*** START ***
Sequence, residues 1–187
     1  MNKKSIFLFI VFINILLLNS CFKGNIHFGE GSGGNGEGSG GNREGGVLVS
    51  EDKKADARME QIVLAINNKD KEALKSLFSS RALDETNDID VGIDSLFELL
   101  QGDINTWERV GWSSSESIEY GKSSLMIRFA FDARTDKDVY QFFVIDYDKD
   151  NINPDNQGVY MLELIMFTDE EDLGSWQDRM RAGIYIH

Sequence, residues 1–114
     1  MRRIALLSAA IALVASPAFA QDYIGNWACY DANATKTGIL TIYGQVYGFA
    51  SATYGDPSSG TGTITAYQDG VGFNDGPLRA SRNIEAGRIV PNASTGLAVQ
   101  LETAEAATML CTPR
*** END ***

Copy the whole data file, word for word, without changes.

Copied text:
Sequence, residues 1–187
     1  MNKKSIFLFI VFINILLLNS CFKGNIHFGE GSGGNGEGSG GNREGGVLVS
    51  EDKKADARME QIVLAINNKD KEALKSLFSS RALDETNDID VGIDSLFELL
   101  QGDINTWERV GWSSSESIEY GKSSLMIRFA FDARTDKDVY QFFVIDYDKD
   151  NINPDNQGVY MLELIMFTDE EDLGSWQDRM RAGIYIH

Sequence, residues 1–114
     1  MRRIALLSAA IALVASPAFA QDYIGNWACY DANATKTGIL TIYGQVYGFA
    51  SATYGDPSSG TGTITAYQDG VGFNDGPLRA SRNIEAGRIV PNASTGLAVQ
   101  LETAEAATML CTPR